While USB 3.0 was delivered well after the PCI Express slot was introduced, many machines have a PCI Express 1x slot but it is covered by the video card and inaccessibles. The motherboard in our Acer E700 has two available PCI slots.
Some motherboards have a PCI Express x1 slot above the video card so USB cards or Wi-Fi cards could be installed.
There are a couple of models of PCI cards that can provide a USB 3.0 port for higher speed transfers. The Exsys EX-1093 offers 4 ports and it uses SATA power to provide the extra current needed for USB 3.0 devices.
Due to the power requirements its advisable to use a USB 3.0 powered hub to handle peripherals. USB 2.0 uses up to 500mA per port but USB 3.0 uses up to 900mA per port.
The extra power is useful mostly for older hard disks which used more power than the USB 2.0 ports could comfortably provide. We have a USB DVD drive which has a dual USB 2.0 cable to obtain additional power. The laser uses more power when it has to record data.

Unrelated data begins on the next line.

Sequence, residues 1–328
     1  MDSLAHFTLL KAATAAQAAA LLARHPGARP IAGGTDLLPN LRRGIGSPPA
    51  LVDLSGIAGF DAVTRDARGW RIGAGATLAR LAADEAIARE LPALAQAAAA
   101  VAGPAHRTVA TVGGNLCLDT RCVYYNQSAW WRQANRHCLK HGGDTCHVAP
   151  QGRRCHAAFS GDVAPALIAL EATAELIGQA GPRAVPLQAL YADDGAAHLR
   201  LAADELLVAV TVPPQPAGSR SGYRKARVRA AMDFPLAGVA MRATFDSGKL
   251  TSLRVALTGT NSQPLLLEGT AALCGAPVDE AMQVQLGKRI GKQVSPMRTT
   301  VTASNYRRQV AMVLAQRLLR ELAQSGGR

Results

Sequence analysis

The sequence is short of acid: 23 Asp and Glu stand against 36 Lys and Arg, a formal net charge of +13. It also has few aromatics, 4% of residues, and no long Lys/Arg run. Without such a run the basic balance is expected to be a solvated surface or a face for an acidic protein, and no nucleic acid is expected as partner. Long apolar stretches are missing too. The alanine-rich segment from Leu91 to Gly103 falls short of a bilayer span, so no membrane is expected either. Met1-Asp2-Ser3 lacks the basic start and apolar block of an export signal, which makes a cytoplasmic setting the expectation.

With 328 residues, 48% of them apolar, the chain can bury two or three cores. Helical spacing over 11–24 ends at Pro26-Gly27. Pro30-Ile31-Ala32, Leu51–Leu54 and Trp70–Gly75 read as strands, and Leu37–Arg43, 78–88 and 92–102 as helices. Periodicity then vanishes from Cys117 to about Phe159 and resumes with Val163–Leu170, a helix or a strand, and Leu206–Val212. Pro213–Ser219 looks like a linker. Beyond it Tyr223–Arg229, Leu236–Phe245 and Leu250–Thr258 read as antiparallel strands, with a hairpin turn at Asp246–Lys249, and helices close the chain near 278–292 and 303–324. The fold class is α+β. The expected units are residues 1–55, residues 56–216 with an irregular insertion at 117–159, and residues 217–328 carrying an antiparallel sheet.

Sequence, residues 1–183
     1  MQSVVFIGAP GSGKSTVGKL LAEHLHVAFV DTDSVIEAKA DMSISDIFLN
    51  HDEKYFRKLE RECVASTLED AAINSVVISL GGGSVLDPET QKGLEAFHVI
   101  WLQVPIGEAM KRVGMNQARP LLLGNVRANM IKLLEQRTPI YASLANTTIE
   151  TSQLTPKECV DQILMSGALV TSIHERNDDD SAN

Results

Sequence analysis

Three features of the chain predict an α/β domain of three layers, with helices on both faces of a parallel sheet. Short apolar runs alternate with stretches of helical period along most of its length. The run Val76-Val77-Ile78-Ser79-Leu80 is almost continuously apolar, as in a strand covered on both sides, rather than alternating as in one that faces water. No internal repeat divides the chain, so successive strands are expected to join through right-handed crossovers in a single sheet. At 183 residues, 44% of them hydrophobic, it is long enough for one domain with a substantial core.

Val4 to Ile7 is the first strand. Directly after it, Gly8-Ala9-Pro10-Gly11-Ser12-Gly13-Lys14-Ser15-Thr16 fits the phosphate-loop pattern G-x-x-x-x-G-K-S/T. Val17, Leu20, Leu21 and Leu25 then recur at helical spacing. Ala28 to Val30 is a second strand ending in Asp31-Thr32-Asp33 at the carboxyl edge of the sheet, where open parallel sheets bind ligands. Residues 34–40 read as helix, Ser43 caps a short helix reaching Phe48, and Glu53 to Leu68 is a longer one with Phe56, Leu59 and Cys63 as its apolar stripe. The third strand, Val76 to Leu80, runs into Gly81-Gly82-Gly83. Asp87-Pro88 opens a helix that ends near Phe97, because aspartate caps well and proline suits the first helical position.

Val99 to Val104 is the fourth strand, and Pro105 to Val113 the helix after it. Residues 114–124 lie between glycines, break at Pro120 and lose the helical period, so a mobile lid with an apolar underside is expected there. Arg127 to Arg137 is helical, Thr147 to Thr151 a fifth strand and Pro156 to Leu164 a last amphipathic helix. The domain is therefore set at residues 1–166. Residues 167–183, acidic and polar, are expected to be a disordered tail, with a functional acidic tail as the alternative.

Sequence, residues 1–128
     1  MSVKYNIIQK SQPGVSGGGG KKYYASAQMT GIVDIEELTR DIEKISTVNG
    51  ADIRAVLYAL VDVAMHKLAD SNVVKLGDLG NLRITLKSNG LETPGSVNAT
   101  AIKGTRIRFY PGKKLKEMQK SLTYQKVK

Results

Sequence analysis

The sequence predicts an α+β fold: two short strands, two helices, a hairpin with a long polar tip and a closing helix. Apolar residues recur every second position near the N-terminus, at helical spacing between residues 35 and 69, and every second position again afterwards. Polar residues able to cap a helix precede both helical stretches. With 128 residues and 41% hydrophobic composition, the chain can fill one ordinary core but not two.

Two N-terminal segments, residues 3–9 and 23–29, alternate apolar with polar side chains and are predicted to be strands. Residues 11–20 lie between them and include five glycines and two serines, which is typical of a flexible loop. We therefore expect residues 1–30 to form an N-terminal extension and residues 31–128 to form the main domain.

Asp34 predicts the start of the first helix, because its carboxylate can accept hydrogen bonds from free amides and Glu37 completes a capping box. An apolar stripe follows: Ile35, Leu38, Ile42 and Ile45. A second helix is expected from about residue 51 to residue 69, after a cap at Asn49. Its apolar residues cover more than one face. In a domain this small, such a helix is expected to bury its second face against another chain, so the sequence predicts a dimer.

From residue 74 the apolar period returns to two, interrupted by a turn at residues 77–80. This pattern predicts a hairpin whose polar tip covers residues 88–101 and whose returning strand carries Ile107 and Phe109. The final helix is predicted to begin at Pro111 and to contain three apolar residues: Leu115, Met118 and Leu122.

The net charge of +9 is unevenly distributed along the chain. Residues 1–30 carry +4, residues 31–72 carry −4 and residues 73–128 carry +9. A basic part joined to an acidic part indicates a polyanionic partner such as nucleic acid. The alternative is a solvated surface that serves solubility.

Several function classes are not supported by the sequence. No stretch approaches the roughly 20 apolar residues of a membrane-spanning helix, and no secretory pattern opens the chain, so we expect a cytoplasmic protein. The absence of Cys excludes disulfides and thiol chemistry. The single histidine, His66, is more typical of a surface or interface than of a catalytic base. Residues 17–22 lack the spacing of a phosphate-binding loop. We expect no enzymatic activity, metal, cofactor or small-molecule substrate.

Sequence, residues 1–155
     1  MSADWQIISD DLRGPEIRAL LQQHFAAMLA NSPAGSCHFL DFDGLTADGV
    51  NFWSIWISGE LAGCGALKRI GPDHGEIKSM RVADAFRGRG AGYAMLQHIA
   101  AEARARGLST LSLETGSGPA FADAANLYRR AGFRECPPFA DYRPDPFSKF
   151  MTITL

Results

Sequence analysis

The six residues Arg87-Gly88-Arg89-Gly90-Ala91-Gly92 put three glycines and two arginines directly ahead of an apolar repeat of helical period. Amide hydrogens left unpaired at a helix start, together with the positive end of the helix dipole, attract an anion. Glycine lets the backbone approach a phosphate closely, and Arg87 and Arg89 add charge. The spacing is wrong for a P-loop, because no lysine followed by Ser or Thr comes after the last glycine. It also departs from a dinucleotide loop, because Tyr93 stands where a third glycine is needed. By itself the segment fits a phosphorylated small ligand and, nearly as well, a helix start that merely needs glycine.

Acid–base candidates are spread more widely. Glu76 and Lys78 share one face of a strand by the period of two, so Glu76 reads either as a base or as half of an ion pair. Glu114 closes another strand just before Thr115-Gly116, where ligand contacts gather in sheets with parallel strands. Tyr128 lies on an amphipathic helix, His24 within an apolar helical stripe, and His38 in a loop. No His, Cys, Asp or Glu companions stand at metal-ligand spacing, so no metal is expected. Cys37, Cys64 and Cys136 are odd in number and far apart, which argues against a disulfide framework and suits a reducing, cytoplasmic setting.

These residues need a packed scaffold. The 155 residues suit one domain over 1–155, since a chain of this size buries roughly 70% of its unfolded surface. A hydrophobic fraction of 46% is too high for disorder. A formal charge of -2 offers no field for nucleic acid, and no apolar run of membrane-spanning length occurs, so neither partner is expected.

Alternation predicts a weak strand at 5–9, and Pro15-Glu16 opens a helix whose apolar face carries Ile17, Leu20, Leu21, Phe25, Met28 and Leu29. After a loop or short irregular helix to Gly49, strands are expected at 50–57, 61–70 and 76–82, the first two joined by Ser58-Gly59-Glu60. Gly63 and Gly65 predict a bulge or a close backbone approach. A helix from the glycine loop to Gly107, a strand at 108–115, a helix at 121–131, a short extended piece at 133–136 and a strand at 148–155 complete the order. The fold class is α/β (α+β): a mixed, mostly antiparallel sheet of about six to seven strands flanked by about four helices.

The USB 3.0 standard has much more bandwidth and PCI can handle a few ports before it saturates. PCI is capable of 133 MB/s and USB 3.0 has 5 megabit speed. PCI is fast enough not to saturate.
Unfortunately when USB 3.0 was released the PCI Express slot was already mature in the market place. So for those with older machines there are a few options but prices tend to be higher than the mass produced parts.
Startech also has PCI USB 3.0 cards. Startech specializes in components for older machines. Then tend to be expensive but the hardware does its job well.
Startech is readily available in the marketplace. Almost all major vendors have it.
The Exsys EX-1092 (2-port) or EX-1093 (4-port) may be harder to find but it has 4 ports making it a better choice.
None of the known PCI cards offer front panel connectors. The cards are all rear bracket style which augments the IO shield ports.
USB 2.0 cards are inexpensive but the faster USB 3.0 cards which is the focus of this article are available and installing one of them in an older box can make material improvements in its utility. For example, a USB hard disk can copy files 3-4 times faster than a USB 2.0 port can handle.